We combine the bi-black and bi-blue because they really have the same genetics – the bi-blue coloration is just a result of diluted black fur, often considered a “fault” by breeding standards.
6. Double Dilute
Also referred to as “double merle” and “homozygous merle,” this coloration presents as entirely white. These Shelties will have all white fur as a result of heavily diluted fur colorings.
This is considered a “fault” as well and only results from the breeding of two blue merle Shetland Sheepdogs. Double dilute Shelties are often born deaf and at least partially blind, which is why this coloration should not be selected for.
There is a distinct difference between an albino Sheltie and one with the double dilute coloration, as one is a result of the genetic mutation, albinism, and the other a result of specific coat color pairings.
Defining Physical Characteristics 🐕
Shetland Sheepdogs have a nearly identical appearance to the rough Collie, but they are smaller in height and stature. They have long, wedge-shaped heads with small ears that are usually mostly perked up.
Shelties have a long, thick double coat, and they have a large mane that makes them appear much denser than they really are. Despite their bulky coat, they are agile dogs with a lot of energy.
Temperament & Behavior 🎾
The Shetland Sheepdog is very friendly and outgoing as long as they don’t perceive a threat to you or your family. They will be welcoming and sociable toward children, other dogs, and most strangers. They will, however, be quick to bark if they are distrustful of someone they don’t know.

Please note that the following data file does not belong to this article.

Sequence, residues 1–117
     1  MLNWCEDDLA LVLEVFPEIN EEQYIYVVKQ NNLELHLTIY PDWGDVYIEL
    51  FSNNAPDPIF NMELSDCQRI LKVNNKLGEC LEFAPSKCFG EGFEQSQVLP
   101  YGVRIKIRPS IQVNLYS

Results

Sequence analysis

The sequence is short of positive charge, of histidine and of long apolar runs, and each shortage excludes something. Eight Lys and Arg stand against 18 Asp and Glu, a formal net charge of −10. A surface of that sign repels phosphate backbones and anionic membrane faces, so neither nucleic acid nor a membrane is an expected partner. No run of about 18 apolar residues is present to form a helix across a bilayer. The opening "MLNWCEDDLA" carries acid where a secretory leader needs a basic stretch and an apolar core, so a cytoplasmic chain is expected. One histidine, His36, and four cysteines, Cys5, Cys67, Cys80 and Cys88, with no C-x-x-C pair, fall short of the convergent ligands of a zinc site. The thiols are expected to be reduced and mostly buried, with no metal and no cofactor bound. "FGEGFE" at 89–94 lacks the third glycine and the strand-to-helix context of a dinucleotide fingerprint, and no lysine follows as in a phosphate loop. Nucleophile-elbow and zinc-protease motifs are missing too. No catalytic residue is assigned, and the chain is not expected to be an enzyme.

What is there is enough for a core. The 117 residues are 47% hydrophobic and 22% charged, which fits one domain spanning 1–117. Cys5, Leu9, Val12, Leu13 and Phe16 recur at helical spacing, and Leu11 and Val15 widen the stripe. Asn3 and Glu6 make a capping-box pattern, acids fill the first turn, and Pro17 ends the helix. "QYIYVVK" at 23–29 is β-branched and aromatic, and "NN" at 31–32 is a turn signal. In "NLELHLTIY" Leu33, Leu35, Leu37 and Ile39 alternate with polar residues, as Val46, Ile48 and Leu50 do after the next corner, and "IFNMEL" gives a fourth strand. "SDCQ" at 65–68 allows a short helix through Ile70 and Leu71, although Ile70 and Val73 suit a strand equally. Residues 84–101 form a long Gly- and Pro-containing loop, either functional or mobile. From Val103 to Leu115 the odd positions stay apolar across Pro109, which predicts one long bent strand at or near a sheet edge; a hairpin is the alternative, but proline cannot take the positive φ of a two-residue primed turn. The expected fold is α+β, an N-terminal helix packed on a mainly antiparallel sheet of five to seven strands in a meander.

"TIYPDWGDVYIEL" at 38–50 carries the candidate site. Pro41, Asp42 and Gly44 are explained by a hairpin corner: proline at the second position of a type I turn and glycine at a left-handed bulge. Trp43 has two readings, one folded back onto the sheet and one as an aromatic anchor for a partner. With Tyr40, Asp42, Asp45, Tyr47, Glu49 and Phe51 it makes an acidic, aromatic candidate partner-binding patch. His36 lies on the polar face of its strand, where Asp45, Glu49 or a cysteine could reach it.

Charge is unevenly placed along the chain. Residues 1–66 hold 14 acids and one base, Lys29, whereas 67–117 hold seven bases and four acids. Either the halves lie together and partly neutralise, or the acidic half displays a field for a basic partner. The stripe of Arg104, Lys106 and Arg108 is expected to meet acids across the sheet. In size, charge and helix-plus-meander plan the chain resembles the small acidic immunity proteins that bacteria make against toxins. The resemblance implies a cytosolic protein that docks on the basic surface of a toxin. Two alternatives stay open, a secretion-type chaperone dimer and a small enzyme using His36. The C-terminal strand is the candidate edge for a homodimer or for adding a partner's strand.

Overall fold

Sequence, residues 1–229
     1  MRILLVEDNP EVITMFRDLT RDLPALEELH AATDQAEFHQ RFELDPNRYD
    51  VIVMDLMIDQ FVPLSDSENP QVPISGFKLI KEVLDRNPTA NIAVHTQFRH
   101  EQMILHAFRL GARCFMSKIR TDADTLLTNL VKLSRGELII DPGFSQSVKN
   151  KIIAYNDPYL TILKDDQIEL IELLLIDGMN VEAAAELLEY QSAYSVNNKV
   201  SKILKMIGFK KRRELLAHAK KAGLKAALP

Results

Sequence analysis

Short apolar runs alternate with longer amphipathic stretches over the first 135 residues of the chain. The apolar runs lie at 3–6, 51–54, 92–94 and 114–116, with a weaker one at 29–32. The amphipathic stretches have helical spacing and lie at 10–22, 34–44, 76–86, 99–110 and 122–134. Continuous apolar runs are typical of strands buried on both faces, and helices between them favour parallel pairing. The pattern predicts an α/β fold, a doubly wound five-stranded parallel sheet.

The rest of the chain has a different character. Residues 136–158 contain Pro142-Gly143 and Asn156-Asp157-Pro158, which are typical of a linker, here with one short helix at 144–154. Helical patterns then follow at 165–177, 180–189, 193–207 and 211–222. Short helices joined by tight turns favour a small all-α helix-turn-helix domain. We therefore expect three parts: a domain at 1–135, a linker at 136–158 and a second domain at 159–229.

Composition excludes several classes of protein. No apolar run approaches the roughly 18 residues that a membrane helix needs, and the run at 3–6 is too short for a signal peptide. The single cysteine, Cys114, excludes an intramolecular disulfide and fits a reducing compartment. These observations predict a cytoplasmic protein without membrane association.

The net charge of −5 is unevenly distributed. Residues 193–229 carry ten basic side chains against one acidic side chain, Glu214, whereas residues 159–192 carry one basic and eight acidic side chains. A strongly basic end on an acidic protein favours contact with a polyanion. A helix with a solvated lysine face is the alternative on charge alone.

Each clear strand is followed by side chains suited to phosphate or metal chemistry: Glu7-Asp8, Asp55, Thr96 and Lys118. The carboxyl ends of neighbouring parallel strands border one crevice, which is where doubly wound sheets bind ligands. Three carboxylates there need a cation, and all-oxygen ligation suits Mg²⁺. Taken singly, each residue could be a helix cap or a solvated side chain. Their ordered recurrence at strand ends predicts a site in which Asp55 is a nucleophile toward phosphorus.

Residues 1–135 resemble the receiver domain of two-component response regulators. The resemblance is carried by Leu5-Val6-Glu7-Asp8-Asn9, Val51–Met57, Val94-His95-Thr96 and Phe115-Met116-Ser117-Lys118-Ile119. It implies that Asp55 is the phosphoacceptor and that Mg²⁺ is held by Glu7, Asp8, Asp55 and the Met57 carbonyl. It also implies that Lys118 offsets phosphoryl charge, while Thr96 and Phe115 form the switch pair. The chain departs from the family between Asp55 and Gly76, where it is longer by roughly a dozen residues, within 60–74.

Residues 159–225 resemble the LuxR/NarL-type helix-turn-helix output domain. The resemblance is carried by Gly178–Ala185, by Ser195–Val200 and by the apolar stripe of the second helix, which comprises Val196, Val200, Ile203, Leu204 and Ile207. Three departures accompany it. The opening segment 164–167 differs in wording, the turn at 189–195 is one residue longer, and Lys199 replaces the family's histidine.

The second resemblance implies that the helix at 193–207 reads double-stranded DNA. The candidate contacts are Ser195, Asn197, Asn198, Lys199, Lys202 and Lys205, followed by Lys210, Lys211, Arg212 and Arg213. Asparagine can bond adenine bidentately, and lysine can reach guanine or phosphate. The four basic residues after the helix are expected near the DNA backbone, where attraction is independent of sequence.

They are playful and affectionate pups who love to be included in the family’s activities. They are very intelligent and loyal, and they will stick by your side no matter what. They were bred to be working dogs, so they will always jump at the opportunity to work. They also love activities like agility training and flyball where their energy and intelligence can be put to good use.
Shetland Sheepdog Grooming & Care ✂️
Regardless of the color pattern of your Shetland Sheepdog, grooming will be about the same.
These dogs have long, dense fur. They should be brushed at minimum two or three times a week, and every other day will be best to help prevent matting and tangling. Regular brushing will also help spread around your pup’s natural skin oils which will keep their coat looking shiny and clean.
You should also plan to bathe your Shetland Sheepdog about once a month and no more often. Frequent bathing can lead to skin irritation and infection, so only bathe more often if your pooch finds its way into a particularly messy situation.
Although the main colors of the Shetland Sheepdog remain the same throughout several of the colorations we’ve talked about here, the differences between the variations can be striking. No matter which color pattern you choose, you can be certain that committing to a Sheltie will bring you and your family a wonderful companion who will love and protect you above all else.
Featured Image Credit: JACLOU-DL, Pixabay